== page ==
New Delhi, July 29 (IANS) The present hue and cry over the Indian capital’s ‘killer’ Blueline buses is lost on no one. But one question nobody seems to be asking is who – if anyone – pays compensation money to victims’ families, many of which have lost their sole breadwinner in these accidents.
The private buses have crushed 66 people under their wheels this year. One of this month’s victims, a ‘doctor’ practising indigenous medicine from a tiny rented room in a crowded east Delhi neighbourhood, left behind seven dependents, including four visually impaired parents and siblings.
And now victim Parimal Kumar Mallick’s relatives and neighbours are wondering who will look after his family. Will the private bus owner pay any compensation or will the state do something to secure the future of the hapless, including Mallick’s two schoolgoing sons?
According to legal experts who have studied the law of torts, the irony is that the government and the private bus operators are not obliged to pay any compensation to the victim’s kin.
“The government and bus operators – state-owned DTC or Blueline – have no mercy for the victims, many of whom were the sole bread winners for their families. They don’t care how the victim’s family would survive,” Supreme Court lawyer Prashant Bhushan told IANS.
In developed countries, the issue of compensation is usually sorted out swiftly, without it having to go to the court. In India, however, the absence of a strong regulatory authority to lay down and enforce strict norms and rules means cases have to go through already overburdened local courts.
It is a tortuous route that invariably puts the victims’ families at a disadvantage.
“The compensation is generally paid by the company that insures the vehicle, but it is up to the designated courts handling accidents cases in every district to decide how much compensation amount should be paid to the victim’s family. And by whom,” said well-known lawyer Rebecca Mammen.
But many of the accident victims’ kin don’t know how to claim the compensation money and those who are aware of that have to fight strenuous battles to win their claim, she explained.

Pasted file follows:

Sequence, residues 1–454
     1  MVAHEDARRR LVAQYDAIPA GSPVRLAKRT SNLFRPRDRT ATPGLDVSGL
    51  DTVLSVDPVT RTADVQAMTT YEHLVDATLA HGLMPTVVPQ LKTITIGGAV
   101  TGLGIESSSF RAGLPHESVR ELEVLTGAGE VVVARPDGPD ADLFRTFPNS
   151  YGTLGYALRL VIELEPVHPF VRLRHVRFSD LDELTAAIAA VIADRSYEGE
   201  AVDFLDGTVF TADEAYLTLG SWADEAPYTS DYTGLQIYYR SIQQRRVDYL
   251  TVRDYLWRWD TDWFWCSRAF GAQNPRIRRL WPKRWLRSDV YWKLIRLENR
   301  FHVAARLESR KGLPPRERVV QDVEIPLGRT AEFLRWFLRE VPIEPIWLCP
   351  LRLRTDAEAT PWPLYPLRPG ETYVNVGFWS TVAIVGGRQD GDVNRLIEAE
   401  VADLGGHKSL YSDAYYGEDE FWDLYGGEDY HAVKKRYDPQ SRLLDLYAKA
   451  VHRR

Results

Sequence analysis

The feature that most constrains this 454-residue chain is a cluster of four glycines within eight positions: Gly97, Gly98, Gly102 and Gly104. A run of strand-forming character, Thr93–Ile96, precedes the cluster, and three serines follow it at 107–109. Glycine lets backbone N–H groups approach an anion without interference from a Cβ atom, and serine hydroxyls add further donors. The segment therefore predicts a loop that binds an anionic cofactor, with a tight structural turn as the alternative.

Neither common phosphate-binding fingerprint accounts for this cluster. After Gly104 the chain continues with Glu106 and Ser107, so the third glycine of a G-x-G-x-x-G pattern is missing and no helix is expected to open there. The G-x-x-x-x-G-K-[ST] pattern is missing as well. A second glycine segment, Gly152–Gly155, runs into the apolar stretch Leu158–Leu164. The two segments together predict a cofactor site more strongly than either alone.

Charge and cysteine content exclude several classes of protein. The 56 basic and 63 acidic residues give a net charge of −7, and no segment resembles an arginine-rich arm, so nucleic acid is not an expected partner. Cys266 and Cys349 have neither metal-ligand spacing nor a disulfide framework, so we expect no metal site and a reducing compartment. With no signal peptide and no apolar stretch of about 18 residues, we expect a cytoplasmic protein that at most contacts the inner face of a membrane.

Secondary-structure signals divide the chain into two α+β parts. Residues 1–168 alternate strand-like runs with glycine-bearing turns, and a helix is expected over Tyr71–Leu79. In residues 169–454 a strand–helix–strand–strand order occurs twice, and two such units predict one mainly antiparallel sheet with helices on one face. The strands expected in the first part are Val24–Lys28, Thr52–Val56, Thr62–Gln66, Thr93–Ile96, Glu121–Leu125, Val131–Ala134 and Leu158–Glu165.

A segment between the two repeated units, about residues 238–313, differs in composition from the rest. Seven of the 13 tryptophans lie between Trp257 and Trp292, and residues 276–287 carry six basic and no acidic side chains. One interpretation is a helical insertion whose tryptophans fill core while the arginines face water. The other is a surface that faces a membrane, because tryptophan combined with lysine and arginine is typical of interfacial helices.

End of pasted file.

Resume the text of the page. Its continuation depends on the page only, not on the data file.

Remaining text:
“The trial normally stretches up to four years and families end up paying huge amounts to the lawyers representing them. Their hope to get an appropriate amount to end their immediate troubles often ends in vain. The money is never sufficient,” Mammen told IANS.
“Though there is a provision of interim compensation under which the families get a small amount from the insurer of the vehicle or from the owner of the vehicle, the process also takes some time,” she added.
Asked about how much money could be expected as compensation, Mammen said the amount varies from case to case.
“It depends on various factors like the victim’s employment, salary, age and number of dependants. The court awards compensation after taking into account all these factors,” she informed.
According to an official of the state-run Delhi Legal Services Authority, which offers free legal assistance in the city, a victim’s family gets Rs.400,000 on an average as compensation. But it largely depends on the victim’s earning before the tragedy.
“There have been cases, where people have been awarded of Rs.2 million compensation.”
The officials said that the government doesn’t provide any compensation. However, it can provide free legal assistance to the victim’s family if their annual income is less than Rs.50,000.
“In case of a woman victim, legal aid is provided free of cost irrespective of the income.”
Expressing dissatisfaction over the current practice, Bhushan said that the state government is not bothered whether the poor get justice or not.
“Now, we must consider the required changes, proposed by various law commissions, in the criminal justice system to get an early justice for thousands of victims in our country,” he added.
Delhi is home to a fleet of 4,200 privately operated Blueline buses, whose main motive is making money rather than public safety. On an average a single bus gives its owner at least Rs.90,000 a month.
These buses were involved in the killing of 100 people last year, while 142 people died under their wheels in the year 2005. State-run buses too have a record of accidents, but they have been responsible this year for only 25 deaths, less than half the Blueline tally.
An estimated 100,000 people die every year in road accidents in the country, but only in a handful of cases the kin gets any compensation from either the bus companies or owners of private vehicles responsible for the accidents.
Indo-Asian News Service